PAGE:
What Happened To Education In Ghana?

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Central to the rise in the number of people acquiring education in the country today, is the kind of education students are getting these days.

It is worrying how students of this day engage in the popular “chew and pour”- a term which means learn overnight or for a short period of time to write examinations and forget afterwards.  It usually involves memorizing notes and texts, including what hasn’t been properly understood. Students in Ghana these days forsake their books and resort to their phones, not for academic purposes but for other unhelpful activities like social media, pornography etc. Sometimes I wonder if our lecturers and teachers reflect over this. What exactly is happening? What is going on? Has something gone wrong? These are useful questions that need to be asked.

It is one thing to be educated and to speak fluent English, but it is another to acquire skills for application.

According to the Merriam Webster dictionary, education is the knowledge, skill and understanding that you get from attending a school, college or university.

The Ghanaian educational system lacks enough practical aspect. It is usually about the theory and writing to pass, since that is what is required to move to the next level or to find a job. This is why an educated fellow will defecate and dump refuse indiscriminately not considering the implication of his or her actions.

Have we thought about hairstylists, mechanics, drivers, dressmakers and others in the country? They are the ones who can usually afford daily meals as well as cater for their families, what about the so called graduates?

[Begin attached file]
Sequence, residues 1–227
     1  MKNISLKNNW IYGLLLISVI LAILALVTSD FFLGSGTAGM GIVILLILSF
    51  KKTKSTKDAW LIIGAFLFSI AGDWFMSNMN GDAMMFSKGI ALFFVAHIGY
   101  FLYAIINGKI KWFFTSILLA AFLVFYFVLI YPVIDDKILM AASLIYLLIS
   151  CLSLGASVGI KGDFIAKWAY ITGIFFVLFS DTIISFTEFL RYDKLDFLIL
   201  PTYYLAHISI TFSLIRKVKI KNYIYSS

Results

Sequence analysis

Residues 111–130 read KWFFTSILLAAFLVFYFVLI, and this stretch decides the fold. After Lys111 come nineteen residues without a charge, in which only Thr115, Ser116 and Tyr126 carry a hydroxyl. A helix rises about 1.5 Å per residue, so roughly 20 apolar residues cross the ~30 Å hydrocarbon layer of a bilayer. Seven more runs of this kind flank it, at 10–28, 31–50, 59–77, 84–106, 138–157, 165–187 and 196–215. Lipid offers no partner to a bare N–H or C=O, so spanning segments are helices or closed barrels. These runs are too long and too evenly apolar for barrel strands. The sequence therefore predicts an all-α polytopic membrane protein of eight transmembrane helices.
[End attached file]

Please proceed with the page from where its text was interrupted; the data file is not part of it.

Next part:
Majority of them end up forming unemployed graduates’ associations and cannot afford daily meals or accommodation. It also results to the lust for quick money since the skills do not exist and whatever was taught has been long forgotten.

The aftermath of this is robbery gangs, vigilante groups or other unauthorized businesses that yield no positive results.

The educational system lacks the impartation of self-reliance, honesty, competition, patriotism, innovativeness as well as appreciating our culture, sculpture, dance, clothing and language.

We need to move from the era where students who can memorize and quote are seen as brilliant and those who cannot memorize are seen as weak. Thinking outside the box should be encouraged.  Creative thinking and contributions outside the syllabus should be welcomed. There is the need to study outside the usual courses.

It is only in this nation that science and Information Communication Technology(ICT) is studied without apparatus and tools.

There is a need for a change, or better still restructuring where talents, culture, books, technology, moral and core values need to be merged. What needs to be done is a task for the nation at large

Let’s take action now.

Mabel Rhoda Ghanney

Ghana Institute of Journalism

Level 300

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